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I read that many plants go dormant in winter. I live in the Netherlands, and while outside temperatures are between -3 °C and 10 °C in winter, the temperatures in my room are always between 15 °C and 20 °C.

I have aloes, cacti, and a Dracaena Massageana (Corn Cane). They are right next to a south-facing window, and I have noticed some of them (especially the Dracaena) putting out new growth during the winter.

My questions:

  • Would these plants actually go dormant during winter in my room's climate?
  • If they've gone dormant, why are some of them still growing?
  • Should I keep watering them with the same frequency during winter, assuming they didn't go dormant?
  • Should I still only fertilise these plants in spring and summer?
  • Plant cycles are both temperature and light sensitive. Depending on the plants, you can control them with either or both. – J.P.M. Feb 14 '17 at 21:01
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    Agreed with J.P.M. The shorter days trigger dormancy. Living in a somewhat similar zone, I follow the 3rd week of September to the 3rd week of March rule with much success. Not a drop of water between this period unless you see obvious signs of dehydration. This should be true too for a mature Dracaena with a substantial cane. – Brenn Feb 15 '17 at 3:06
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Indoor plants, plants in green houses get confused big time come winters. Some plants (not the ones you have) actually NEED to go dormant for their health. Indoors during the winter is tough because the heating sucks the moisture out of the air, the plants relying on light from windows are getting 'told' climate has changed because of the hours of daylight versus night time. Houseplants go into a 'sorta' dormancy with these environmental changes, slowing their growth. Watering should be less and definitely no fertilizing. This is a good reason to use an extended release fertilizer such as Osmocote. Fertilize twice a year the last to be in the late summer or fall.

People with artificial lighting and humidifiers can overcome the shortening of daylight hours to precipitate flowering and more growth. Any plant in 'shade' conditions should not be fertilized as much as their peers in the sun. Plants need a 'rest'...using artificial lighting one has to give their plants a nighty night time. During the spring and summer when temperatures are consistent, I always take my indoor plants out onto a shaded porch. They get lots more light. Doing this the plants are able to store more food (they make for themselves) and thrive...persist longer especially through the dark dry winters. Just the ambient light getting to the plants on a shaded porch will help them make more food to last the winters when brought back indoors.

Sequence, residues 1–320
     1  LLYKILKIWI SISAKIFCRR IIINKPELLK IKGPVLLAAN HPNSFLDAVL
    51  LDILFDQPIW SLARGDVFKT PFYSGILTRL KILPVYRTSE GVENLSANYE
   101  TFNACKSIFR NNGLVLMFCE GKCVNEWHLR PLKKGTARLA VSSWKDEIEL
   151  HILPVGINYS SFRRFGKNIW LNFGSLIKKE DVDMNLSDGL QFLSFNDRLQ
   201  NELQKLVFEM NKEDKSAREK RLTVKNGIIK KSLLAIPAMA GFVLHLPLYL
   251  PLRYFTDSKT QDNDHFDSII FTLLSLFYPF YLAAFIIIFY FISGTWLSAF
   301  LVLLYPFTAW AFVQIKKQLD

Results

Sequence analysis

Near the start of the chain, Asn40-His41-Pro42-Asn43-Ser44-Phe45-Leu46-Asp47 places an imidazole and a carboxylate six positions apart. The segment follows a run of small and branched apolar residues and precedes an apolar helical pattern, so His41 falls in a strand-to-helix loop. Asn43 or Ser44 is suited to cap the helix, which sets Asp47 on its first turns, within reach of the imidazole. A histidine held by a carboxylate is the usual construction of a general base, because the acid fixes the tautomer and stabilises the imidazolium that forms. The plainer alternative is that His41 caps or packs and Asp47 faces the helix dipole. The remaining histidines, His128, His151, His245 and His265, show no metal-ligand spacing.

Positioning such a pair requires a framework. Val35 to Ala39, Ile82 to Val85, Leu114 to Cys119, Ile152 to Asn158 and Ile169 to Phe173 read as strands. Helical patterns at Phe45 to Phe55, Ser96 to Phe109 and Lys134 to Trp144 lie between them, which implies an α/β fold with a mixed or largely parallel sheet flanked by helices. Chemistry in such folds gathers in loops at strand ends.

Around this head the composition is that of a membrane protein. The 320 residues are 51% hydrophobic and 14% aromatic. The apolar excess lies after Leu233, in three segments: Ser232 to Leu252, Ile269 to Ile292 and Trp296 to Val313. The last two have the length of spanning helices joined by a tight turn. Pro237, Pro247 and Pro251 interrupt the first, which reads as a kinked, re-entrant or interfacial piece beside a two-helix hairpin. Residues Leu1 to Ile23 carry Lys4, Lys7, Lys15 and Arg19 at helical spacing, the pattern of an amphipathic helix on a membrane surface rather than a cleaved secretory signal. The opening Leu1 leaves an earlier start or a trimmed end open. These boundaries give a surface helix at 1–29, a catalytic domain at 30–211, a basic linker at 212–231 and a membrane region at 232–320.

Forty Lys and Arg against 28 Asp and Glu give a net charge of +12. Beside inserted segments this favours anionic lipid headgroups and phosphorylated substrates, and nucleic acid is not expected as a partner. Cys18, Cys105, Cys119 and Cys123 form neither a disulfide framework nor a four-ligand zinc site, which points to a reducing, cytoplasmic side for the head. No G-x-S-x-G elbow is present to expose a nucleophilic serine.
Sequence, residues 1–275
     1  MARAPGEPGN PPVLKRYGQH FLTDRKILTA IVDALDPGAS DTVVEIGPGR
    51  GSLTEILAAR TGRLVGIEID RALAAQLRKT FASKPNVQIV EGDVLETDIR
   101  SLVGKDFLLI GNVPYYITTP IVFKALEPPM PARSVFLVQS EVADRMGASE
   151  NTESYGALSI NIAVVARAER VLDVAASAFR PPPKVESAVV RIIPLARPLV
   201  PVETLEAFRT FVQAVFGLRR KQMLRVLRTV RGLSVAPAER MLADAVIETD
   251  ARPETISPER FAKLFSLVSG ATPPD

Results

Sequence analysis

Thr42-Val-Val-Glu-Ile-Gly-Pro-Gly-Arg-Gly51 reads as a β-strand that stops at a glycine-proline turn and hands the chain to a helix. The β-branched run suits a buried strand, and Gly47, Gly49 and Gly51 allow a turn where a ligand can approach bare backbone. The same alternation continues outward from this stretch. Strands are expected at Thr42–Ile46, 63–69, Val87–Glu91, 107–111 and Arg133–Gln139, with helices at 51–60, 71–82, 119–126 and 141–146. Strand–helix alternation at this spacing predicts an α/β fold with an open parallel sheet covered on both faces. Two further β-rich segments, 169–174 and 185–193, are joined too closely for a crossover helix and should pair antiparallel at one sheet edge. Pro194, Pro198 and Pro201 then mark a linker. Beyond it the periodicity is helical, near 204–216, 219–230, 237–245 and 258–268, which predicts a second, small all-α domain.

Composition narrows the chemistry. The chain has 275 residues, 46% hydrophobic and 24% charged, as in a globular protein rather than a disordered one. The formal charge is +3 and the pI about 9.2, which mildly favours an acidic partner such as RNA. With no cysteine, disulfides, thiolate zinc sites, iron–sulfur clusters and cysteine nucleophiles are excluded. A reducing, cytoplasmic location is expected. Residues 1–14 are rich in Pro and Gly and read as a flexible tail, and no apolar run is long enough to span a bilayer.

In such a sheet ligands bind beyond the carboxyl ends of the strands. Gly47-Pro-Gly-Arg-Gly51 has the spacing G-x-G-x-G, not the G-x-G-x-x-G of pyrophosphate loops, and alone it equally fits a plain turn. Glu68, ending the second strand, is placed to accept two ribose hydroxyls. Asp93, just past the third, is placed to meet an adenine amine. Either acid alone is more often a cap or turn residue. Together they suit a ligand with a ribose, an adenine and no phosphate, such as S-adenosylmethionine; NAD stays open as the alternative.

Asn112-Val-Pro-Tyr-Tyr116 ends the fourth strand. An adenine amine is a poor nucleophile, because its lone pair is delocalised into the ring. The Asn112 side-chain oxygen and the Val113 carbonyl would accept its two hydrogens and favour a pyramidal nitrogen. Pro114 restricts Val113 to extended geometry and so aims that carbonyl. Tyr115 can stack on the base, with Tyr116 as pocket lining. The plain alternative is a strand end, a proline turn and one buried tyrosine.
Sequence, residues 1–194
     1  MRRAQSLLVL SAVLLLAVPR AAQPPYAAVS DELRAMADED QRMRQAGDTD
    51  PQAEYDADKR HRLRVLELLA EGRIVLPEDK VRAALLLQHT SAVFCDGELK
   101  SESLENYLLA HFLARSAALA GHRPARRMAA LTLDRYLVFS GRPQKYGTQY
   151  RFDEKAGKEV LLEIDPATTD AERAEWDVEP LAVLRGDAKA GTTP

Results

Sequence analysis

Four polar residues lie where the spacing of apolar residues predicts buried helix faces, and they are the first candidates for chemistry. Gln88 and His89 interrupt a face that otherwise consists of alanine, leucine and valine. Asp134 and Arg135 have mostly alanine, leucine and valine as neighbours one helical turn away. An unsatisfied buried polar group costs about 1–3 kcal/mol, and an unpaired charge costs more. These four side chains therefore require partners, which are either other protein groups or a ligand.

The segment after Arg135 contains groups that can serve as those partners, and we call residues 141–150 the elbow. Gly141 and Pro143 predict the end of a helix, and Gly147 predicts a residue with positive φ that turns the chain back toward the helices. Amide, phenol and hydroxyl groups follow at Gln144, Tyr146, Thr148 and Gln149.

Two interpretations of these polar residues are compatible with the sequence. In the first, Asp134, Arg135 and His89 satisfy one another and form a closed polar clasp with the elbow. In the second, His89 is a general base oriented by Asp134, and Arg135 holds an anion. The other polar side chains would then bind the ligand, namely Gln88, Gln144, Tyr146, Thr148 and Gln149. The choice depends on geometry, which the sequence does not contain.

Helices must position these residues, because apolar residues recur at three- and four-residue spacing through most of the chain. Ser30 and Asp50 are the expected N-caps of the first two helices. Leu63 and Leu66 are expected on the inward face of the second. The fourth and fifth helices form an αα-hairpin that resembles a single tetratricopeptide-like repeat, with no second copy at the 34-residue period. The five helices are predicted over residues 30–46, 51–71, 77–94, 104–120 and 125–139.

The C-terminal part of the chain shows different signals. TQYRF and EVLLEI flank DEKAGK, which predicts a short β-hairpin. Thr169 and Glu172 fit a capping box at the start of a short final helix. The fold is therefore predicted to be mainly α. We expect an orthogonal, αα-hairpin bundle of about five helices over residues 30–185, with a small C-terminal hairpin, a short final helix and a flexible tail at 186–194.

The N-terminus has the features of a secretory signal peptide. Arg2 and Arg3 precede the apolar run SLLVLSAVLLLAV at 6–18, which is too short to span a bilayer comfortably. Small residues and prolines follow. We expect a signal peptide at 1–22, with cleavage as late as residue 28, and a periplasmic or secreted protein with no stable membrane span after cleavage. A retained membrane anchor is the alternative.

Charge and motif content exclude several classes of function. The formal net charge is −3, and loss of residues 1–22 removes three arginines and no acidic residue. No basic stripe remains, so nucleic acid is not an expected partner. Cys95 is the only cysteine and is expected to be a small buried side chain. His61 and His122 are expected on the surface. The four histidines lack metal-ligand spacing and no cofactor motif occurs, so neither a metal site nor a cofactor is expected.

In the plant world industry, indoor plants are considered long term perishables. Giving your plants good potting soil, drainage, light...fertilizing is critical but kept at a minimum will make one more adept keeping your house plants vigorous. Don't expect fruits or flowers indoors. Watch the watering. Winter indoors is dryer and the soil dries out faster. Weird, huh. But do not overdo! Keep plants away from forced air heat or any radiant heat sources. Taking your plants outside to a shaded porch during the summer when there is no chance of freezing temperatures, helps indoor plants to become much more longer term perishables...putting your indoor plants into the shower for a nice long rain shower once per month will make you their savior!

  • I agree with all said here except to not expect indoor plants to flower...I’ve had many of my plants, including an Aloe Lavender Star, bloom indoors. I live in zone 5 and my plants are in a southwest window that has a lot of trees blocking the sun but some sun does still shine through. It is true with fruit though, as most indoor plants will not fruit. Flowering is absolutely possible indoors. – Sophia Elizabeth Oct 7 '18 at 2:27
  • Some plants can flower in low light conditions. That is true. Indoor plants are a category of tropical plants that can stand dry air, low light conditions. But flowering will never be more than a bonus from your indoor plants. Fruits follow flowering. Your aloe plant is an exception not proof of flowering indoors. It is certainly a bonus. – stormy Oct 8 '18 at 7:52

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